Agreement on the Conservation of Albatrosses and Petrels

Annual expedition leaves for Gough Island tomorrow to undertake a mouse-eradication bait trial

The annual relief of the South African weather station on Gough Island in the South Atlantic starts tomorrow with the Antarctic research and supply ship the m.v. S.A. Agulhas II departing Cape Town on Thursday the 5th.  Gough forms part of the United Kingdom Overseas Territory of St Helena, Ascension and Tristan da Cunha.  South Africa operates the weather station on Gough under a lease arrangement with the Tristan da Cunha Government

Along with the new six-person South African team that will run the station, aboard is a group of marine ornithologists and rope-access technicians that will continue research and monitoring of three species of albatrosses and the Southern Giant Petrel Macronectes giganteus.  Alien plant eradication work will continue on the coastal cliffs near the base in Transvaal Bay – hence the need for the climbers.

An important and novel part of the relief will be the presence of Peter Garden, well-known aerial-baiting helicopter pilot, and Keith Broome, Chair of the New Zealand Department of Conservation’s Island Eradication Advisory Group.  Their role will be to conduct a trial for the eradication of Gough’s “killer mice” Mus musculus by deploying non-poisoned bait from a helicopter-carried “bait bucket” to assess whether the target baiting density can be achieved on steep, vegetated cliffs so as to present enough bait to every mouse on the island.  The climbers, led by frequent visitor to Gough Jan Bradley, will then descend the baited cliffs on fixed ropes counting pellets as they go.

Opportunity will also be taken to fly around and over the island so Peter and Keith can provide their assessments of the feasibility of a full-scale operation (click here for the 2008 feasibility study).  These findings will then be used to update the draft preliminary operational plan for eradicating Gough’s mice that was produced in 2010.

In addition, long-term demographic studies will continue on colour-banded populations of four ACAP-listed species that breed on Gough: Critically Endangered Tristan Albatross Diomedea dabbenena (going into its eighth year of study in 2014), Endangered Atlantic Yellow-nosed Albatross Thalassarche chlororhynchos (32nd year in 2013/14), Endangered Sooty Albatross Phoebetria fusca (2nd year of study in 2013/14, following an earlier seven-year study conducted from 1982 to 1990) and the Southern Giant Petrel (fourth year of study).  In addition island-wide censuses will be undertaken for Tristan Albatrosses and Southern Giant Petrels.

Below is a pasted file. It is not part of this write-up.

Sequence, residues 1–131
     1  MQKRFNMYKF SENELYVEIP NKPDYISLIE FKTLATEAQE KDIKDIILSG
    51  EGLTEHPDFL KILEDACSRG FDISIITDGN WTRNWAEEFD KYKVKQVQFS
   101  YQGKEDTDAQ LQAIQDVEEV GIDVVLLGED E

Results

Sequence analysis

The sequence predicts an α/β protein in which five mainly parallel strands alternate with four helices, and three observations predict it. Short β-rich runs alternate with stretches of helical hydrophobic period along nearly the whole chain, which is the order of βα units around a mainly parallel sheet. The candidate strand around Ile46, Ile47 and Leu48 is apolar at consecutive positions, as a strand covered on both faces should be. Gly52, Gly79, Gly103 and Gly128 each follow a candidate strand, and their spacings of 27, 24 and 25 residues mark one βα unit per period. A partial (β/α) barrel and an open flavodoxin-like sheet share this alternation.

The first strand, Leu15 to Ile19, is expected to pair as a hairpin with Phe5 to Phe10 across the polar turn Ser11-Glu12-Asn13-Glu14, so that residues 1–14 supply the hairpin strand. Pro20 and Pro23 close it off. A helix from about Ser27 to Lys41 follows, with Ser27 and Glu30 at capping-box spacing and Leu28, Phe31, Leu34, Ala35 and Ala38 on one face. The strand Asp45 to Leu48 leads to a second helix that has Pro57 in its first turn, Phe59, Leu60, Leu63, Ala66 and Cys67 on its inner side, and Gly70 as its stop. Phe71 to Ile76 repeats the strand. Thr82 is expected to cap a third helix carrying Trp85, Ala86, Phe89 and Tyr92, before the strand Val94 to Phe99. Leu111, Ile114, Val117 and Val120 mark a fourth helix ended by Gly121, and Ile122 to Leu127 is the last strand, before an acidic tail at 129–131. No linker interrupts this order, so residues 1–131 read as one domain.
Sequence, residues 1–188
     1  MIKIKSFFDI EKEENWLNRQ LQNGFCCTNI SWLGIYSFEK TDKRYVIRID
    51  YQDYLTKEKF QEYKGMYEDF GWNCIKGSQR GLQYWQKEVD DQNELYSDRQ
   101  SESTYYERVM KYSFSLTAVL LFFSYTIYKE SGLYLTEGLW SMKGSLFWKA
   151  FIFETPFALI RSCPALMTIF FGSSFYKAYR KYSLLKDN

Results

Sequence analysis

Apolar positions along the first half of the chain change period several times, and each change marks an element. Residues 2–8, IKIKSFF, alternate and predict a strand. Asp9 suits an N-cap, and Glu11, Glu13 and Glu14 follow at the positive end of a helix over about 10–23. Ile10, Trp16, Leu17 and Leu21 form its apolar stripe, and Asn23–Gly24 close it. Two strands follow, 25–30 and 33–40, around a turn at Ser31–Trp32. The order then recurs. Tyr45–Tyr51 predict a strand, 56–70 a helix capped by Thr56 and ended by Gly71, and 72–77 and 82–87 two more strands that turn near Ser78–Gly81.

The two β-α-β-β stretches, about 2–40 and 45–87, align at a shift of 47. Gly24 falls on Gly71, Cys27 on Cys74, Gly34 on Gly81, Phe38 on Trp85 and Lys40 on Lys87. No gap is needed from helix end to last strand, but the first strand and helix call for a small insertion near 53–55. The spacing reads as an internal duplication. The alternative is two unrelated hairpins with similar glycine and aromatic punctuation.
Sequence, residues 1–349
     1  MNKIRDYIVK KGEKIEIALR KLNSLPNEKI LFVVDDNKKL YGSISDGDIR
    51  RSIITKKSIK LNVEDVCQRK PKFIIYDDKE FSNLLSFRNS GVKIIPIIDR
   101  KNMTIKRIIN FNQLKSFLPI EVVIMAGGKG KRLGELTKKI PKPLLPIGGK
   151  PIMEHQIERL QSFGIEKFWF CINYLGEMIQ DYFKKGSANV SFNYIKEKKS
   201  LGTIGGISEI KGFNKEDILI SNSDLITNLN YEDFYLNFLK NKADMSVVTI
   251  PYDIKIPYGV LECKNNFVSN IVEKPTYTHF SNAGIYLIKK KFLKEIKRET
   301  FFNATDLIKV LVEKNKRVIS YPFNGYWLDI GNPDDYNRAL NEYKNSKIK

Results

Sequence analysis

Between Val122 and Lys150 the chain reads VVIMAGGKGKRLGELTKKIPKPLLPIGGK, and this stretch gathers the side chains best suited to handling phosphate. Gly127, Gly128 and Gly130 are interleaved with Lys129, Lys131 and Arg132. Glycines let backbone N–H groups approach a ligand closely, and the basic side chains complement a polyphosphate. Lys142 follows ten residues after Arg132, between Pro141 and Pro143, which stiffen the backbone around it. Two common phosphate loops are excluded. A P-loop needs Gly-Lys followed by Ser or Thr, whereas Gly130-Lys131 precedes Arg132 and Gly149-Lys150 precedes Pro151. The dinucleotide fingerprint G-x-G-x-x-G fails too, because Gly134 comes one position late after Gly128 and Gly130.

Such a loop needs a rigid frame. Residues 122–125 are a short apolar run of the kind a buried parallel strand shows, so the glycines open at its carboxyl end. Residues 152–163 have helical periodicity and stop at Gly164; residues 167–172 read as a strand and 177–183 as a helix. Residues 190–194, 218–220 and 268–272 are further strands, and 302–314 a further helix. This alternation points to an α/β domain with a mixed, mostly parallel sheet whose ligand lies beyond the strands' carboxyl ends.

Mouse attack! This Tristan Albatross chick was dead by the next day

Photograph by Ross Wanless

This year the research and management group will be led by Peter Ryan, Acting Director of the Percy FitzPatrick Institute of African Ornithology, University of Cape Town.  ACAP’s Information Officer will be making his 10th visit to Gough since 2007 as part of the team.  Also contributing will be Trevor Glass, Head of the Tristan Conservation Department as Relief Environmental Officer.

Two field researchers (Chris Bell and Mara Nydegger from New Zealand) who have spent a year on the island will return with the ship to Cape Town in October at the end of the relief.  They will be replaced by three new researchers for the 2013/14 year: Delia Davies, Ben Dilley and Bani van der Merwe.

Click here to read about the start of the 2012 expedition to Gough.

Conservation research on birds and management activities on Gough are funded by the UK's Overseas Territories Environment Programme and the Darwin Initiative Programme via the Royal Society for the Protection of Birds and are conducted with the support and approval of the Tristan Conservation Department and the logistic support of the South African Department of Environmental Affairs.

With thanks to Peter Garden and Peter Ryan for information.

Selected references:

Angel, A. & Cooper, J. 2006.  A review of the impacts of introduced rodents on the Islands of Tristan da Cunha and Gough (South Atlantic).  RSPB Research Report No. 17.  Sandy: Royal Society for the Protection of Birds.  64 pp.

Hilton, G.M. 2007.  Workshop Report: Assessing Management Options for the Introduced Rodents of Tristan da Cunha.  Unpublished Report to the Royal Society for the Protection of Birds.  Sandy:  Royal Society for the Protection of Birds.  22 pp.

Parkes, J. 2008.  A feasibility study for the eradication of House Mice from Gough Island. RSPB Research Report No.34. Sandy: Royal Society for the Protection of Birds.  52 pp.

Torr, N., Golding, C. & Cuthbert, R.[J.] 2010.  Preliminary Operational Plan for Eradicating House Mice from Gough Island.  Version 1.0.  Sandy: Royal Society for the Protection of Birds. 73 pp.

John Cooper, ACAP Information Officer, 04 September 2012